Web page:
35 Jesus said to them, “I am the bread of life. Whoever comes to me will never be hungry, and whoever believes in me will never be thirsty. 36 But I said to you that you have seen me and yet do not believe. 37 Everything that the Father gives me will come to me, and anyone who comes to me I will never drive away; 38 for I have come down from heaven, not to do my own will, but the will of him who sent me. 39 And this is the will of him who sent me, that I should lose nothing of all that he has given me, but raise it up on the last day. 40 This is indeed the will of my Father, that all who see the Son and believe in him may have eternal life; and I will raise them up on the last day.”

41 Then the Jews began to complain about him because he said, “I am the bread that came down from heaven.” 42 They were saying, “Is not this Jesus, the son of Joseph, whose father and mother we know? How can he now say, ‘I have come down from heaven’?” 43 Jesus answered them, “Do not complain among yourselves. 44 No one can come to me unless drawn by the Father who sent me; and I will raise that person up on the last day. 45 It is written in the prophets, ‘And they shall all be taught by God.’ Everyone who has heard and learned from the Father comes to me. 46 Not that anyone has seen the Father except the one who is from God; he has seen the Father. 47 Very truly, I tell you, whoever believes has eternal life. 48 I am the bread of life. 49 Your ancestors ate the manna in the wilderness, and they died. 50 This is the bread that comes down from heaven, so that one may eat of it and not die. 51 I am the living bread that came down from heaven. Whoever eats of this bread will live forever; and the bread that I will give for the life of the world is my flesh.”

52 The Jews then disputed among themselves, saying, “How can this man give us his flesh to eat?” 53 So Jesus said to them, “Very truly, I tell you, unless you eat the flesh of the Son of Man and drink his blood, you have no life in you. 54 Those who eat my flesh and drink my blood have eternal life, and I will raise them up on the last day; 55 for my flesh is true food and my blood is true drink. 56 Those who eat my flesh and drink my blood abide in me, and I in them. 57 Just as the living Father sent me, and I live because of the Father, so whoever eats me will live because of me. 58 This is the bread that came down from heaven, not like that which your ancestors ate, and they died. But the one who eats this bread will live forever.” 59 He said these things while he was teaching in the synagogue at Capernaum.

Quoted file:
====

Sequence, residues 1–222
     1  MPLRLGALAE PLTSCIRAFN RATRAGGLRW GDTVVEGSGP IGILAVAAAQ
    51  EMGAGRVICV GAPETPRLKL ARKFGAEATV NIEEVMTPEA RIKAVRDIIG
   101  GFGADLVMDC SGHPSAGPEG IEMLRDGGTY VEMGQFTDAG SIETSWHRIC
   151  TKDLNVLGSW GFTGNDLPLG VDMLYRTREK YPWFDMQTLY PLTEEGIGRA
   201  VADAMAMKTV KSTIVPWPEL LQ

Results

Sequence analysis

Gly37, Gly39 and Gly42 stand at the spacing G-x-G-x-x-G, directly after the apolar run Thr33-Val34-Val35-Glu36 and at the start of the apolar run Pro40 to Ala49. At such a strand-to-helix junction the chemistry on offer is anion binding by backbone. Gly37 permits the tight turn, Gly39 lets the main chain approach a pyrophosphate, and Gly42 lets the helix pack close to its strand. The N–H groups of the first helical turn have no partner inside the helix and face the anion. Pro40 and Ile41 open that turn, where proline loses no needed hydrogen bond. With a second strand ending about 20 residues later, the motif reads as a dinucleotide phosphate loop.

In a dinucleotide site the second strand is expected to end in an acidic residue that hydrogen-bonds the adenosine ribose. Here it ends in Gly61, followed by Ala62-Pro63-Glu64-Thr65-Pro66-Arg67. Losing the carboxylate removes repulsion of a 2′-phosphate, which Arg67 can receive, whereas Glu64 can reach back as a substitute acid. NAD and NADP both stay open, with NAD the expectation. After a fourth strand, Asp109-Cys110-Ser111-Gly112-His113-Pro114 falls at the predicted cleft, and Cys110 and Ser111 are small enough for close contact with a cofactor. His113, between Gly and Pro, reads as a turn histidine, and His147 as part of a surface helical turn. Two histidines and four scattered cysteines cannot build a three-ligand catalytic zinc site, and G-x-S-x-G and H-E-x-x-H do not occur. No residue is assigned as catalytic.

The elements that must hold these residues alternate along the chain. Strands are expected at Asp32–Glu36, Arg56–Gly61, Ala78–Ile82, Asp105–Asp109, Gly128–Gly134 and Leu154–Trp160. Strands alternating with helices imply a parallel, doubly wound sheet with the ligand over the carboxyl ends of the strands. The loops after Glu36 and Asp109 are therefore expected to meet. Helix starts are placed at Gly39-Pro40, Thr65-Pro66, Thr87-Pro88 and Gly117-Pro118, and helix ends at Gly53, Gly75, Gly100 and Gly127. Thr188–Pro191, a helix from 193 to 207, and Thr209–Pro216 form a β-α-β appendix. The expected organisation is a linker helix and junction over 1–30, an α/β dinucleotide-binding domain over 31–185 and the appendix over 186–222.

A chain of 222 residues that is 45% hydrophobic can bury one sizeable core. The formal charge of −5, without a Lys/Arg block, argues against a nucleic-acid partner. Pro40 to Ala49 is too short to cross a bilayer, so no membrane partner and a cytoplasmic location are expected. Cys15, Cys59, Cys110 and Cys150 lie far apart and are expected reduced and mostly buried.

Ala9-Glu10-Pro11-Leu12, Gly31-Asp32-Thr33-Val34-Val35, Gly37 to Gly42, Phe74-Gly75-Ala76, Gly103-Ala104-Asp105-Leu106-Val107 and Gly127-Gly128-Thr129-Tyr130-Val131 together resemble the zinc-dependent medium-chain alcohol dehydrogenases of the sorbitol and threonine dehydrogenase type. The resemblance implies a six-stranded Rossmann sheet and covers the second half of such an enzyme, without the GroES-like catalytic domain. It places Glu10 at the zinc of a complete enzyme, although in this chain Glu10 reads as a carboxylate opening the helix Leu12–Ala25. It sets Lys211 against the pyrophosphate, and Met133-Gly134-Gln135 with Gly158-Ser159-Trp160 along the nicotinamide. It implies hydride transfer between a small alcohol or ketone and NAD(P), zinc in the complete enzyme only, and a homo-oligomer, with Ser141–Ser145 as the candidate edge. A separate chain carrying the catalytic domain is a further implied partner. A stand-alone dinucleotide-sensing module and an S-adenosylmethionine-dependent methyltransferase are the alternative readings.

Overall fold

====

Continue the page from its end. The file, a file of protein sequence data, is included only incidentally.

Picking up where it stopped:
A Boy Meets the Angel Gabriel

Gabriel_from_Vysotsky_chin_(14c,_Tretyakov_gallery)

Angel Gabriel

archangel-gabriel2

Image of Gabriel courtesy of  Higher Density Blog

archangelmichael

earliest depiction of Archangel Michael 525-530 CE

Here is a beautiful account of a visit by an angel, which utterly changed the life of a teenaged boy. The boy comes to identify the angel as Gabriel. (See: Clancy, Robert. Soul Cyphers: Decoding a Life of Hope and Happiness. See also link below to interview).

During a period of anguish, when Robert’s will to live had slackened, a waitress soothed his distress by suggesting that he meditate and gave him a book on the topic. While meditating in his apartment, Robert saw a light, which emanated from no natural source.  The light transformed into an angel, which then touched his forehead, whereupon Robert entered into a timeless sphere. He knew that heaven is real and God is present.

Robert describes the angel: “She had the most Divine face I’d ever seen, beyond all the paintings and books I’d come across in my life—a pure, classic beauty. She was larger than a human—approximately six-and a half to seven feet tall, adorned in a thin, white robe, a simple braided rope around her waist, a delicate tiara seated on her head, and plain sandals wrapped her feet—exactly what you’d expect, but more. I could feel only pure love radiating through my body within her presence. The whole figure was ghost-like, shimmering white, and semi-transparent—almost as if she was made of light. She exuded a nobleness that made me feel like I was in the presence of royalty.”

He describes her wings and her kiss: “The perfectly formed wings stretched out nearly four feet from each of her shoulders. I focused on the details of every feather intimately as she slowly floated forward. I was nose-to-nose with her, and I leaned back as I became slightly cross-eyed to keep focused on her beautiful face. She then greeted me with a momentary kiss before backing up. I felt a love in my heart like no other I’d ever experienced in my life when she touched me.”

After the angel touches his forehead, between the eyes, Roberts dedicates his life to a path of service. The angelic figure disappears into a point of light.

Not everybody receives visits by angels in the same manner as Robert did — through the visual senses. Angels may make their presence known by other sensations, both subtle and ordinary,  by a pervasive sense of peace and joy, or by a euphoria that expands and uplifts one’s awareness.